Architectural Profile Article

Developments in the use of CAD in Architecture

Richard Coyne
July 2001

There was a time when all that could be said about computers in architecture fitted neatly under the heading of "CAD" (computer-aided design). CAD draws our attention to the integrated system for design and documentation, the use of the computer as a management tool, the development and maintenance of a series of databases that describe the building and its systems, with input from product information, and the assistance of smart rules and algorithms for calculation and checking against constraints. CAD/CAM extends the management and documentation idea to the production of intricately interlocking custom-built components, of the kind seen in the spectacularly formed buildings of Frank Gehry, or of the London-based Foreign Office Architects.

The term "virtual architecture" gives a slightly different take on the use of the computer in architecture. Here we are dealing not so much with a series of techniques for representing buildings, but with devices for speculating about architecture; less with CAD's fixation on "reality," than with the computer and the Internet as a playground of ideas. "Virtuality" wrestles with the claim that we are moving into something radically new, in terms of the medium in which architecture is conceived, of new architectural forms, new building types, and innovative modes of collaborating and practising. It is common for advocates of virtual architecture to talk of re-configurations of practice, urban life, its buildings, and organisations. Some practising architects and teaching programmes seem to situate themselves under the banner of virtual architecture and are finding a niche designing web-based environments that have three dimensional qualities, such as the New York firm Studio Asymptote's design of the Virtual Guggenheim museum. "Virtuality" is the password for architects to cross over into the experimental realms of installation and performance art, and the mass media aspects of the Internet, the experimental and spectacular side of network and visualisation technology, tying in to video art, film, interactions, special effects, science fiction, and utopian or dystopian imaginings. "Virtuality" is exciting not least as it extends the boundaries of architecture. Architecture's grounding in the speculative design of space encourages other areas of the arts to come to architecture for insights into digital designing.

E-commerce ricochets off the virtual-everything bubble. We ran a small but spirited conference last December on the theme of Design and the Emerging E-Commerce Environment. Architecture as an enterprise in electronic commerce elevates the designer as entrepreneur, and brings issues of products, commodities, and distribution to centre stage. At the conference the topic rapidly moved to small scale consumable items, the highly distributed and interconnected mobile devices prefigured by mobile phones and personal digital assistants (PDAs). What are the implications for architecture of the myriad promised home entertainment and office appliances connected by wireless communications?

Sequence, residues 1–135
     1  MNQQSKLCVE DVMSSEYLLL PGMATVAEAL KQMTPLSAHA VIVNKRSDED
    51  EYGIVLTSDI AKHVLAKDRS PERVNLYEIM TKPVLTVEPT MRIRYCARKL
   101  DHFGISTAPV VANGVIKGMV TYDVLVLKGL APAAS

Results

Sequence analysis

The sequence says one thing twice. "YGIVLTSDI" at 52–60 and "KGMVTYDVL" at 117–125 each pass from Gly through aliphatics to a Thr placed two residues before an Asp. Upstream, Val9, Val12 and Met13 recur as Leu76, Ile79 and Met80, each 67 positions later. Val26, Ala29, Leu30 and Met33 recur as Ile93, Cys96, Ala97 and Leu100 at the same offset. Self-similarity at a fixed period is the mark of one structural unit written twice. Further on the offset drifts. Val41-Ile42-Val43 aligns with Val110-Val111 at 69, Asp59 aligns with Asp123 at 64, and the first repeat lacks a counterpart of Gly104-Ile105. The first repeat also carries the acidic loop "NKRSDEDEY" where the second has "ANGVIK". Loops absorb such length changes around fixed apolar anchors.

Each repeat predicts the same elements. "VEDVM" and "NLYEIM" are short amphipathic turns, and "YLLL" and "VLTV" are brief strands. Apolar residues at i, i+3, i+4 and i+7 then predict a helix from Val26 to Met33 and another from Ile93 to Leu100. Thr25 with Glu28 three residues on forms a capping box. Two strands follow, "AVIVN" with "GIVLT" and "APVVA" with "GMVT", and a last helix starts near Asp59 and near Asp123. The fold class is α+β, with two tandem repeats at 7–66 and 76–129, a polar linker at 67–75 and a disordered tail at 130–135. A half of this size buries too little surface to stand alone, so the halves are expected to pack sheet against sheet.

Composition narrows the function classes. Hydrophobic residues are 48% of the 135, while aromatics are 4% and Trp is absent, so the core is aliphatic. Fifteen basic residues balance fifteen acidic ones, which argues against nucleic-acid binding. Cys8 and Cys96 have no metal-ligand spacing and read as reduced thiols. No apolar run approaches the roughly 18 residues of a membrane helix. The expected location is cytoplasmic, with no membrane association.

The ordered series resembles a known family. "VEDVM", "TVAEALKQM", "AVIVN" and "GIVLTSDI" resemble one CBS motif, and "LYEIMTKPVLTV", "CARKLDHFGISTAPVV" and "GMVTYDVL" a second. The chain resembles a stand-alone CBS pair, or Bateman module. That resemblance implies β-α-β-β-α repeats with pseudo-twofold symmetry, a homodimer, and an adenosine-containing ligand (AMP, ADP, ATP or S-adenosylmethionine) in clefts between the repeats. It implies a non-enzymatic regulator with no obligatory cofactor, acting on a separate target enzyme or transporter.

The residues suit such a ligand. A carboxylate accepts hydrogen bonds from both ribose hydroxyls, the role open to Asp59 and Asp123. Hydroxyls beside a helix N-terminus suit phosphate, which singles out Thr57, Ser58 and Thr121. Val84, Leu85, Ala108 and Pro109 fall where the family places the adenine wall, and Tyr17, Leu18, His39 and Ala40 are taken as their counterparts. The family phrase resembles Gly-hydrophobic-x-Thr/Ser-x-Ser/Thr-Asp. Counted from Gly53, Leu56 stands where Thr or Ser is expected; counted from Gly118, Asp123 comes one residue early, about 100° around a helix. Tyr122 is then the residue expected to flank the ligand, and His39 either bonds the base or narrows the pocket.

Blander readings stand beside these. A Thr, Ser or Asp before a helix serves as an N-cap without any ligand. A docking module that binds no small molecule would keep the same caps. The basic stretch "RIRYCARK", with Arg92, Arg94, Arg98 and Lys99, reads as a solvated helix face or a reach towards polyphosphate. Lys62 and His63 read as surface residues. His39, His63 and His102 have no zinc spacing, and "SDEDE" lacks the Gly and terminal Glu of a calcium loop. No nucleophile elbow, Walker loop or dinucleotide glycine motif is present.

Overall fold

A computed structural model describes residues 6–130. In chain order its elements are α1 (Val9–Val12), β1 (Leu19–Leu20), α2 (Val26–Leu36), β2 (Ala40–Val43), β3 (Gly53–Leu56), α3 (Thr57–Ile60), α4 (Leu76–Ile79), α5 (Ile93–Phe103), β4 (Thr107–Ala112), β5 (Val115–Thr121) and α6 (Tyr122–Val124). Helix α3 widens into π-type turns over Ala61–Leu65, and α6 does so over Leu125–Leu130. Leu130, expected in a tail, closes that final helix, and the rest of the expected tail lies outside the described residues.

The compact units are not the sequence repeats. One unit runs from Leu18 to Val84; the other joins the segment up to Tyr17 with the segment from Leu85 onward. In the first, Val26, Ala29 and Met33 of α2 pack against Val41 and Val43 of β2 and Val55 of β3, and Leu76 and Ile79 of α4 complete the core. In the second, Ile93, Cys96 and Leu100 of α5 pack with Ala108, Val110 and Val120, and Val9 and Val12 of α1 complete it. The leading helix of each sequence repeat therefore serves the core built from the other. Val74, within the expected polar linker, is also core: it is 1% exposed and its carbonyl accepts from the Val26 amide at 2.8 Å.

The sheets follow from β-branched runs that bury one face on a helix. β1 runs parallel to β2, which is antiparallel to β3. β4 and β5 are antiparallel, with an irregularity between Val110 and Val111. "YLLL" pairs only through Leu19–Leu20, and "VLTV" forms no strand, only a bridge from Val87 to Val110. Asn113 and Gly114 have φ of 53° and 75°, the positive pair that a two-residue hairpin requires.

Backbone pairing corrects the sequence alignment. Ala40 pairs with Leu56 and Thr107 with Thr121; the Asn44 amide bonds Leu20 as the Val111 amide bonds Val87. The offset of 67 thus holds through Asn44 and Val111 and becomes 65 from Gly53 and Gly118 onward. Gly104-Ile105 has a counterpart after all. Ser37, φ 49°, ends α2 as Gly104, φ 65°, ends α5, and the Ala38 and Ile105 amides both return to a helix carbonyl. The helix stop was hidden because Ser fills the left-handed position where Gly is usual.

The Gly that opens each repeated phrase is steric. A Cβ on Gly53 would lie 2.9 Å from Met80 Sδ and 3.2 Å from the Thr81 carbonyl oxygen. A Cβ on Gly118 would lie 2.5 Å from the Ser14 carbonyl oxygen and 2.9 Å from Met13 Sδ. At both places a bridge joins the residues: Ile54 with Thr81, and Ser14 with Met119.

On the lookout for new metaphors that inform digital design, we have been exploring the use of mobile computing devices with students in our MSc in Design and Digital Media, investigating design on the move, peripatetic architecture. Students took their palm pilots into the streets of Edinburgh to record a first person account of their journey to some celebrated or lesser-known heritage site. They recorded their roamings on their PDAs, some in the manner of Walter Benjamin's surrealistic accounts of city streets as living rooms, others by devising a notation for finding your way through the streets, others in the manner of a William Gibson account of the city as a virtual environment, others as a game experience. The accounts were then beamed from one hand held device to the other for colleagues to retrace the journey and to critique. We then looked at VR environments for modelling each other's experience. Some students used a computer game level editor, others a CAD modelling system. They later had to design an electronic heritage companion to the city of Edinburgh, a prosaic brief, but one which was informed by their speculations as digital flaneurs.

Mobility and wearable networked computer devices also suggest a particular set of relationship with the computer and the human body, commonly summarised under the concept of the cyborg. A different set of students this time, looked at the design of a motion capture centre, a transient, highly specialised building type for digitising human body movements for film, dance, sports, medicine and computer games applications. Students began by creating three dimensional models of some "body capability," such as the waking, prostrated, poised, or reposed body. In the spirit of e-commerce, the resulting models were put up for auction, and students used the components so acquired as a basis for their designs for a building. The results demonstrate how building designs can be informed by such considerations as movement, bodily comportment, and the emerging mobile technologies. Some of this work is illustrated here.

Richard Coyne is Professor of Architectural Computing and Head of The Department of Architecture, The University of Edinburgh. He also teaches in the MSc in Design and Digital Media.

A proposal for a wearable PDA for navigating the city. Sachin Anshuman

The digital flaneur. Sani Razak

Inside a motion capture facility. Max Kettenaker

Inside a motion capture facility. Olivia Weston

Inside a motion capture facility. Brian Heron